In a split decision Tuesday morning, the U.S. Senate Committee on Health, Education, Labor and Pensions voted to approve education secretary nominee Betsy DeVos.
By a 12-11 vote along party lines, DeVos was backed by the committee and will move on to a final confirmation vote before the full Senate following a contentious debate about the nominee's background and credentials.
“This is a committee of considerable difference of opinion,” HELP Committee Chair Lamar Alexander, R-Tennessee, said. “But it is also a committee that has, on big occasions, been able to resolve those differences of opinion, usually in a cordial way. I am sorry to say that we are not able to do that this time.”
DeVos has faced unprecedented pushback for an education secretary, with Alexander calling her “the most questioned” nominee in the history of the position.
He noted testimony during her confirmation hearing went on 90 minutes longer than previous education secretary picks Arne Duncan and John King. Senate Democrats also sent more than 1,400 follow-up questions to the Michigan billionaire following that hearing, compared to about 100 total sent by Republicans to Duncan and King.
At least one of Illinois’ two Democratic senators spoke out against DeVos’ confirmation Tuesday. Junior Sen. Tammy Duckworth issued a statement saying the nominee has failed in her commitment to public education and her understanding of civil rights laws.
“Both of these issues are personal to me,” Duckworth, an Army veteran and a double amputee, said in the statement. “I would not be where I am today if it weren’t for the quality public school education I received – and much of my life today has been made possible by civil rights protections like the Americans with Disabilities Act.”
Members of Raise Your Hand Illinois – a parent advocacy organization – took to Federal Plaza in downtown Chicago following the vote to turn in letters demanding Duckworth and Sen. Dick Durbin each vote against DeVos.
Despite the committee’s approval, DeVos’ confirmation is not a sure thing.
A pair of Republican senators – Susan Collins, R-Maine, and Lisa Murkowski, R-Alaska – each backed DeVos at the committee level, but both said they were unsure whether they would support the nominee at the full Senate level, signaling a potential partisan break. They cited her apparent lack of knowledge on the Individuals with Disabilities Education Act and thousands of calls and emails received in opposition to her confirmation.
A simple majority vote from the GOP-led Senate is all that’s needed for DeVos’ confirmation.
A former chair of the Michigan Republican Party and the Alliance for School Choice, DeVos is seen by critics as being “anti-public education.” She never attended or taught at a public school and, along with her husband, Dick, has spent millions advocating for school choice and charter causes.
But Sen. Richard Burr, R-North Carolina, said she has become the victim of a “character assassination” and should not be punished for spending her money on education efforts.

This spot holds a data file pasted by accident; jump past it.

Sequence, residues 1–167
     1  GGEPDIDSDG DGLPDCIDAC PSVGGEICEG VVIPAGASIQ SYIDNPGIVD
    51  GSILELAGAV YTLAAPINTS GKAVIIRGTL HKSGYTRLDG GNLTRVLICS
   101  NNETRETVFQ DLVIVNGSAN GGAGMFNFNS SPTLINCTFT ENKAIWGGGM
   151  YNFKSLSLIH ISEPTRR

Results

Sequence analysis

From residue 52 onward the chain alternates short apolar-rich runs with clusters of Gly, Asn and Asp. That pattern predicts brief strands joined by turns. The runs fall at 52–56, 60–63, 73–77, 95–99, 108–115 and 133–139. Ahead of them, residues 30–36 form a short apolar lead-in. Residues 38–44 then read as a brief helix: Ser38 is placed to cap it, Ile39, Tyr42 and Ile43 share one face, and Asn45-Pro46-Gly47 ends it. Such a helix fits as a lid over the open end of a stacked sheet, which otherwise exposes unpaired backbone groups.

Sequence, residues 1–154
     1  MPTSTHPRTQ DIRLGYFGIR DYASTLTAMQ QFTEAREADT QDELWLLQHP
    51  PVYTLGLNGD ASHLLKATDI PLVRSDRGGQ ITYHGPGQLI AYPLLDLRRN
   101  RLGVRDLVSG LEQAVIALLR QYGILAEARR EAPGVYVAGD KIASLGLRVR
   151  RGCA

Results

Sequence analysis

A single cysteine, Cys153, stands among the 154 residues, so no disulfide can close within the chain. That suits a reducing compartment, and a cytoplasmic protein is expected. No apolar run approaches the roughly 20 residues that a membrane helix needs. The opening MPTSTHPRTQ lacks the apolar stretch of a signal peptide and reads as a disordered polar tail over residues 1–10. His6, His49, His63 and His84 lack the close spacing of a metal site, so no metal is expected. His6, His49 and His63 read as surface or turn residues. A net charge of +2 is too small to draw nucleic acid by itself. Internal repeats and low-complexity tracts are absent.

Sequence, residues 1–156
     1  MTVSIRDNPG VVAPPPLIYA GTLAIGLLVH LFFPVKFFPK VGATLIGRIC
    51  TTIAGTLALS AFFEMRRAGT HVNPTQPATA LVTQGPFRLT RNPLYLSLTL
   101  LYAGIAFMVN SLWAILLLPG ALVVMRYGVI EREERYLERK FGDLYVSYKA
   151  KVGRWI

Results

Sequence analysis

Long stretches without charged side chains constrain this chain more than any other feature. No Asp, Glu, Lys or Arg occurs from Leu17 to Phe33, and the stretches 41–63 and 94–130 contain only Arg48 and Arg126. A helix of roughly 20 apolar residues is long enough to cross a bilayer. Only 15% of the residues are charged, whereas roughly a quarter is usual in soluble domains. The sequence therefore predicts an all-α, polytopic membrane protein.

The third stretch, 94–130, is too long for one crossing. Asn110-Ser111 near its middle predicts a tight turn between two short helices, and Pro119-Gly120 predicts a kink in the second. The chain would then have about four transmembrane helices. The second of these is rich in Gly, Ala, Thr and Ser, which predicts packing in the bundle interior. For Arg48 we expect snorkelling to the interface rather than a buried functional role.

“Let’s give her a little bit of credit,” Burr said during Tuesday’s committee meeting. “She lives in a state where she saw a need for somebody to take action and she tried. She tried a lot of different things. She’s criticized today because she tried.”
Earlier this month, Gov. Bruce Rauner and more than a dozen other Republican governors also signed a letter in support of DeVos, calling her an “inspired choice” for the position.
Alexander and Sen. Patty Murray, the ranking Democrat on the committee, also disagreed about whether DeVos had adequately fulfilled her ethics requirements. Murray claimed senators did not have enough background information on the nominee’s financial holdings and potential conflicts of interest to hold a vote.
“The chairman is justifiably proud of his record of accomplishments on this committee over the years,” Murray said.
“But by moving forward today, I consider this to be a massive break with that strong bipartisan record and it will dramatically impact our ability to work together in good faith going forward because the usual practices are being ignored here, the right thing to do is being ignored here, this nominee is being jammed through with corners being cut and with the minority being brushed aside, and I think that is absolutely wrong.”
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Jan. 16: Like many of President-elect Donald Trump's cabinet selections, his education secretary nominee Betsy DeVos, a Michigan billionaire and GOP mega-donor, has been met with controversy.
Jan. 3: A $215 million hole in Chicago Public Schools' budget and a sentencing date for its former CEO headline local education issues to follow in the coming year.
Nov. 23: President-elect Donald Trump on Wednesday tabbed billionaire donor and school choice activist Betsy DeVos as the next federal Secretary of Education, a move the head of the Illinois Federation of Teachers immediately called “hugely troubling.”